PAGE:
The allopathic system of medicine that treats symptoms of diseases using drugs came into existence in the 19th century. Before that, traditional medicines were common in many Asian countries, including India. A common drawback of allopathic medications is their undesired side effects caused by the adverse reactions of specific drug compounds with parts of our body. This has now rekindled interests among scientists in many traditional forms of medicine which are known to have no side effects.
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Scientists from the Indian Institute of Science, Bangalore, use magnetic fields to navigate nanomotors in cells.
Study by researchers from Institute of Public Health, Bangalore investigate how successful Primary healthcare Centres are for treating non-communicable diseases like diabetes and hypertension. They find many loopholes in the healthcare delivery system.
The whole world is struggling with the problem of antibiotic resistance developed by disease causing organisms. The epidemic of Tuberculosis especially plagues countries like India. In their recent research scientists from the Central University, Punjab have identified a new target drug to beat the bacteria’s defense against antibiotics.
From their first appearance on the academic scene as a tool for dissection to making it into mainstream medicine and cosmetics in the recent years, microneedles have an array of applications. Dr.Venuganti and a team of researchers from the Birla Institute of Technology and Science, Hyderabad and the US Food and Drug Administration, recount the journey microneedles have made through the years and the range of possible applications in the future.
Across many countries in the world, people from an economically backward background struggle to get adequate medical care. As a part of its Sustainability and development goals for 2015 the United Nations has declared ensuring “healthy lives and promote well-being for all at all ages”. This target of Universal Health Coverage (UHC) aims to ensure accessibility to quality health care services by the year 2030. With 13 years to go, an international team of scientists explores how this goal can be achieved in five South Asian countries.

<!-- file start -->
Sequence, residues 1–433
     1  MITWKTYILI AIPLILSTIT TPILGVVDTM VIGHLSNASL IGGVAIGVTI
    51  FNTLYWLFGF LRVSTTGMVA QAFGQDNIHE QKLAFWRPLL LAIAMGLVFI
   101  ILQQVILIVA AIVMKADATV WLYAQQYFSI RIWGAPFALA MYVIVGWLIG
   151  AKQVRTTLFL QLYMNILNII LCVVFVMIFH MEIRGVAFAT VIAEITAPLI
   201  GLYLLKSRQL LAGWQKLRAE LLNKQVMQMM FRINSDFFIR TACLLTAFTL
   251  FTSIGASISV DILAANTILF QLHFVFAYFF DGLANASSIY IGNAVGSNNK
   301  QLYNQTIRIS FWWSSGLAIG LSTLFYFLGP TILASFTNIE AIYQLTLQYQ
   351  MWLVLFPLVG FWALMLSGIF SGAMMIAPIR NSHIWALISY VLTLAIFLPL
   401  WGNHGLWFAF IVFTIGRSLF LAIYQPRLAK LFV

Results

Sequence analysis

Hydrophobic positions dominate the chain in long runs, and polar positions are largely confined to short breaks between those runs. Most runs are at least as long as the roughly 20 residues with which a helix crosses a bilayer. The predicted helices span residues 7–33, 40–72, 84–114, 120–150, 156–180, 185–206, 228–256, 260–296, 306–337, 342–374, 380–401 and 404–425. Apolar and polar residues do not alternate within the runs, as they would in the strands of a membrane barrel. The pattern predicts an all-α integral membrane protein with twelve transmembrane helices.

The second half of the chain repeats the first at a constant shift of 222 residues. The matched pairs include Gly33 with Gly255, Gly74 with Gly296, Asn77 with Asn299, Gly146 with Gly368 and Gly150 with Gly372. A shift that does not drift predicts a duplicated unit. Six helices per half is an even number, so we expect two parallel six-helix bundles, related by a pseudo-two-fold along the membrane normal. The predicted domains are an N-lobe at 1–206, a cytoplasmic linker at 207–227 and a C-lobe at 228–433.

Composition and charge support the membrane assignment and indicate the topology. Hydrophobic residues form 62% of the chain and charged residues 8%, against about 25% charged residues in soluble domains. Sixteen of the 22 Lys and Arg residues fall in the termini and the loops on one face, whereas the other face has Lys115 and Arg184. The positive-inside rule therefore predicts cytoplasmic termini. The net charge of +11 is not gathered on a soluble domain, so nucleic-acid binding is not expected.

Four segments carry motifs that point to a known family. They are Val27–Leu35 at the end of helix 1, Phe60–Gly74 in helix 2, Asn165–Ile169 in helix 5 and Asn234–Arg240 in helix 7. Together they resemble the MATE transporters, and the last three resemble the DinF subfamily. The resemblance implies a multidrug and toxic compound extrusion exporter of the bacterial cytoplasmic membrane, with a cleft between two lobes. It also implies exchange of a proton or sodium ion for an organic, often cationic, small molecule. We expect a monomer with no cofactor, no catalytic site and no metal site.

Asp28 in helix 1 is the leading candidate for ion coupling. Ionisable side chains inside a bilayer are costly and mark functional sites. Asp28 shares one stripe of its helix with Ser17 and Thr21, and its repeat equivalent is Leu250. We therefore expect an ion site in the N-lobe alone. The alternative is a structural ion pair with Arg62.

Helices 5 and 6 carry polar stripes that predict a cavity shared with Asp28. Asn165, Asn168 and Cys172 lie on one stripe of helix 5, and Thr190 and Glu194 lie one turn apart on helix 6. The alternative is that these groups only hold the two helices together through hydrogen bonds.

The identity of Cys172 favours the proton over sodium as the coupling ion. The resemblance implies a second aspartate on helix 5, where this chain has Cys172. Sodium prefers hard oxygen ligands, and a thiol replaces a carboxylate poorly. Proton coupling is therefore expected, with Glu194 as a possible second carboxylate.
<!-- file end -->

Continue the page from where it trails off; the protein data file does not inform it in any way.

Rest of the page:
Malaria, the biggest killer of all time, has a long association with humans. As we develop new strategies to combat the fatal disease, the parasite causing the disease gets stronger than ever. In this seemingly never-ending tussle, who ultimately wins the battle? The judgement, it seems, is not an easy one! On World Malaria Day, here is a brief insight into the details of this deadly disease.
Technology has revolutionised medicine in the past century. We now have imaging methodologies like X-rays, Computed Tomography (CT) scans and Magnetic Resonance Imaging (MRI) allowing us a look inside the body without cutting it open. Nanotechnology seems poised to write the next chapter of this revolution, with various applications in biomedical imaging, diagnosis and effective treatment of diseases. In yet another advancement in this direction, an interdisciplinary team of scientists from Materials Engineering Department and Department of Microbiology and Cell Biology at the Indian Institute of Science (IISc), Bangalore, have synthesised iron nanoparticles without any oxide cover that could be used to enhance the sensitivity of MRI by producing images with better contrast. They have also demonstrated the potential application of this research in the targeted delivery of medicines and other biological molecules to specific organs in the body.